Eli Whitney, who is credited for patenting the cotton gin machine on this day in 1794, became a topic of discussion at the top of this year’s Black History Month. Although the farmer and inventor was depicted as a Black man to some students, in fact, Whitney was a white man.

Born December 8, 1765 in Massachusetts, Whitney was part of a wealthy farming family. A Yale University graduate, Whitney traveled south to Georgia like many New Englanders did to develop new business ventures. Slavery and cotton-picking was the order of the day and Whitney saw opportunity to increase production of the valuable product.

The cotton gin separates the cotton fiber inside the bolls in a much faster fashion. In comparison to the manual method, Whitney’s mechanical application of pulling fiber could yield over 50 pounds per day.

This was a revelation to the industry that made slave labor much more profitable, expanding slave states from 8 to 15 and adding five times more slaves to the existing population. Cotton’s profitability escalated tensions between the North and South and was among the main reasons for the Civil War.

Writer Rembert Browne tweeted on the first day of this year’s BHM that many students have incorrectly been taught that Whitney was Black, some folks were astounded.

 

A Slate article pointed out that the belief was widespread due to Whitney’s inclusion in many Black history displays in classrooms and the fact that his invention was so closely associated with the institution of slavery.

The cotton gin may have extended the spread of slavery in the South but did not make Whitney rich as other inventors copied the device and made significant improvements. Whitney created other inventions, including machines to help him with prostate cancer, which ended his life in 1825.

Yale named a non-traditional students admission program after him.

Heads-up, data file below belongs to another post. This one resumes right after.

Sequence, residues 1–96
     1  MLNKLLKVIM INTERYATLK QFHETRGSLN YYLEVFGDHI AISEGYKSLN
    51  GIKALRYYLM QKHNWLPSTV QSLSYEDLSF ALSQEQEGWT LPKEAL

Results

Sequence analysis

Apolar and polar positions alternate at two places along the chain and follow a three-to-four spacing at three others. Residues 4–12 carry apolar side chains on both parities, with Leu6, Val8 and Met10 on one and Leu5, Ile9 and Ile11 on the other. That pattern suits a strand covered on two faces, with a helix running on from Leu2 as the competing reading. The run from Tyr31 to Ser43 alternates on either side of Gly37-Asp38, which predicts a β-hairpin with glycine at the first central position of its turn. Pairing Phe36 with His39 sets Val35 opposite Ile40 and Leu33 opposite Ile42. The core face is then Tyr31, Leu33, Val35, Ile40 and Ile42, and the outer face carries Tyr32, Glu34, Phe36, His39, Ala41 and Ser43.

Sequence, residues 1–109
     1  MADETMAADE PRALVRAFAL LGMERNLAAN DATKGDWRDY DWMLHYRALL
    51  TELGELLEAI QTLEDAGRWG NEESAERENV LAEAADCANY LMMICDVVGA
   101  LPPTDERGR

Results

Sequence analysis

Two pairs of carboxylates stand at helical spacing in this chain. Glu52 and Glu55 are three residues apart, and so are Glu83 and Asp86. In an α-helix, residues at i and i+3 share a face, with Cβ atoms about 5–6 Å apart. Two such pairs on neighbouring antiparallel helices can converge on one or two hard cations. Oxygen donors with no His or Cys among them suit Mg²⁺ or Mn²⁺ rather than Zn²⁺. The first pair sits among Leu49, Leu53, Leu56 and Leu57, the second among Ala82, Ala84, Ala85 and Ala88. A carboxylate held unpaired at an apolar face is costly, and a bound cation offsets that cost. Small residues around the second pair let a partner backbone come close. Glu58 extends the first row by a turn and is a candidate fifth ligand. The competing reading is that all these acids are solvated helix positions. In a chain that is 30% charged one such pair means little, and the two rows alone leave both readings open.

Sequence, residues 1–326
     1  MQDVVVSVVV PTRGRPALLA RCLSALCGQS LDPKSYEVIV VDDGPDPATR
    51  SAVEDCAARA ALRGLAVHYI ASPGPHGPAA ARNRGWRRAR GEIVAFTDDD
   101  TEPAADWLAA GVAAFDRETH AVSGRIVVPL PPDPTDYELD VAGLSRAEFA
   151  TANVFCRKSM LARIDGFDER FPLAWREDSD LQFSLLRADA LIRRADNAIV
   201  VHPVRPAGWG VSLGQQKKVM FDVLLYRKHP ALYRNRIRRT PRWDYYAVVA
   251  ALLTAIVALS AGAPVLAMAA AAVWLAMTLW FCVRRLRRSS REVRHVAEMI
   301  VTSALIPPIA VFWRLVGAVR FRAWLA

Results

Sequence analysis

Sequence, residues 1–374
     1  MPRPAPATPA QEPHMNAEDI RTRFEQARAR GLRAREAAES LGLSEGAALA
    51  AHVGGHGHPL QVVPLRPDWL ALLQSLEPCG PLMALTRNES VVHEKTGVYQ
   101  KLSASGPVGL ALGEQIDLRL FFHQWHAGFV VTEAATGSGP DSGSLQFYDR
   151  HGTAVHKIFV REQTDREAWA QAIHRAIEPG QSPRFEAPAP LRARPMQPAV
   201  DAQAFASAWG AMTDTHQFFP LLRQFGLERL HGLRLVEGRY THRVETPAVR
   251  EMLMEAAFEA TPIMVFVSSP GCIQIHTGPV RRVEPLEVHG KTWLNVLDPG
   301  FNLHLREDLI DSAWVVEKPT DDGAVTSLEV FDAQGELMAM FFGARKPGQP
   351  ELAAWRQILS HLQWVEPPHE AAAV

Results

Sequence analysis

PHOTO: Public Domain

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6 thoughts on “Little Known Black History Fact: Eli Whitney

  1. Was never taught that Whitney was white, but I was told in college that the inventor was likely black (necessity being the mother of invention) but because blacks couldn’t receive patents, Eli Whitney got the credit (and the money)

  2. Yes Eli Whitney, was very white. However, he did not create the cotton gin. One of Eli’s slaves named “Sam” created it. Of course, in those days, often slaves were not given the dignity of being referred to with last names. This included many official documents. If they needed to be referenced on documents, their first name was given along with “Own By: Mr. Eveel White”, for example.

    Numerous slaves made great inventions to decrease their burden, but their wicked white owners often took credit for their creations, as the slaves were still considered 3/5 human.

    • Virginia on said:

      That’s what I recall. That a slave, not necessarily Eli Whitney’s slave, invented the cotton gin. Slave owners and non-slave owners were notorious for becoming rich on the inventiveness and inspirations of blacks. The most visible one in modern times is what they’ve done with “black” music. I recall back in the day, white musicians sitting in the back of black theaters and clubs secretly writing down musical notes and lyrics, AND comedians writing down jokes from black shows. Some like Elvis and Jerry Lee Lewis were quite open about it.
      So, the notion that slaves invented labor saving devices (and recipes) that were copied by whites, is no doubt absolutely true.

    • Rawlins on said:

      Thanks for clearing up misleading information in this article. I was never taught Eli Whitney was Black. When did this happen? I always knew it was a Black man (slave) and it’s even written in a small “blurb” in our Texas history books as such. However, as a teacher I make sure to emphasize the contributions of the skaves and their inventions.

      • ItHappenedToMe on said:

        Mr. Rawlins,

        I was taught in school by white teachers that Whitney was Black.There’s even a video out there decrying Whitney’s whiteness and other examples that many students such as myself were misled, possibly unintentionally. The article clearly states how the confusion began for many.

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